Sistine Chapel│Crowded, Chaotic but Worth a Visit
The Sistine Chapel ceiling, painted by Michelangelo between 1508 and 1512, is one of the most influential artworks of all time. It is without a doubt a foundational work of Renaissance Art. Painted directly on the ceiling of the Sistine Chapel in the Vatican, the masterpiece depicts key scenes from the Book of Genesis, of which The Creation of Adam is the best known. This complex artwork includes a huge variety of human bodies, both clothed and nude, and these allowed Michelangelo to demonstrate his skill in creating a huge variety of poses for the human figure. Overall it has provided an enormously influential pattern book of models for other artists ever since.
This painting was first unveiled to the public in 1512 and continues to impress the thousands of pilgrims and tourists from around the world who visit the Chapel every day. We came to the Sistine Chapel after walking through a number of hallways in the Vatican Museums.
Interesting Fact: Michelangelo Didn’t Paint Lying Down
The film The Agony and the Ecstacy, depicts Michelangelo, played by Charlton Heston, painting the frescoes on his back, but Michelangelo didn’t actually work in this position. Instead, he had constructed a unique scaffolding system sturdy enough to hold workers and materials. Incredibly, it was high enough that Mass could still be celebrated below. The scaffolding curved at its top, mimicking the curvature of the ceiling’s vault. Michelangelo often had to bend backward and paint over his head — an awkward position that caused permanent damage to his vision.
Above, Sneaking a selfie with the ceiling above us. We did also take the first picture of this post, but let me tell you… NO PICTURES OR VIDEO ARE ALLOWED!! This is up being little rebels, even though people around us felt NO shame to hold up their cameras, and even used their flash!
When we got into the Sistine Chapel it was SO FULL that there was barely any room to move. People were talking, and using flash photography, and acting like plain jerks. To make matters worse, every five minutes, the guards would SHOUT, “No talking, no photos, no video”. It almost felt like we were being robbed of what we thought would be a epic moment. We had, after all, just walked through halls and halls of art displays to get to this Sistine Chapel. We wished that, just for a single moment, we could shut everyone up, silence those guards, and whack those stupid selfie sticks out of people’s hands.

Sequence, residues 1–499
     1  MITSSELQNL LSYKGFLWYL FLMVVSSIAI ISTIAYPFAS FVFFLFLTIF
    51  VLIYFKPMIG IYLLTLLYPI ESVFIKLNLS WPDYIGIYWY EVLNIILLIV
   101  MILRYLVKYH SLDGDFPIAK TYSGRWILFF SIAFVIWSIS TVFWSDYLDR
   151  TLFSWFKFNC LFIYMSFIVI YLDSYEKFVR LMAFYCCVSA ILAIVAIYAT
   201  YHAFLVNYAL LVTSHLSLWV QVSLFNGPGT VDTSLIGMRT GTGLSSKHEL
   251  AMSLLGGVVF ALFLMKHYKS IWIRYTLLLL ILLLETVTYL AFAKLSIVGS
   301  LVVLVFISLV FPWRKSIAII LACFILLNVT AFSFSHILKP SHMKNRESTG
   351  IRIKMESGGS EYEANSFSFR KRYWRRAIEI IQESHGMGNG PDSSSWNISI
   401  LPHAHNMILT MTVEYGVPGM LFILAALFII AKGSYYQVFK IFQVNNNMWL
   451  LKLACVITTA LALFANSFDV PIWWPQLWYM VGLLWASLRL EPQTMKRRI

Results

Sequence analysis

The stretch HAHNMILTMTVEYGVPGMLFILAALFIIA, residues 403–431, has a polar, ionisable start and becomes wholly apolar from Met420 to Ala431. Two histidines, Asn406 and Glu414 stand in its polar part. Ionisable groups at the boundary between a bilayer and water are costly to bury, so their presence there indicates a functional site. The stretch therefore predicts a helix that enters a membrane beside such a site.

We went to the back of the hall and found a quieter area where we could sit down. This was a good decision.
In those moments we were able to block out the annoyances… and just TAKE IT ALL IN!
So Why No Photography is Allowed in the Sistine Chapel?
Vatican officials wanted to have a comprehensive restoration of Michelangelo’s art in the chapel done, but the price tag for such an endeavor caused them to seek outside assistance to fund the project. The highest bidder was Nippon Television Network Corporation of Japan: they gave massive $4.2 million. In return for funding the renovation, Nippon TV received the exclusive rights to photography and video of the restored art.
Interestingly enough, the ban on photography within the chapel remains instituted despite the waning of the terms of Nippon’s deal. However, given the damage that can be caused by thousands of cameras’ flashes going off in the chapel each day, it’s no surprise that Vatican officials decided not to end the ban when Nippon’s contract expired.
Despite the crowds and chaotic shuffling, we were glad that we were able to experience the Sistine Chapel. It is truly a breathtaking artwork.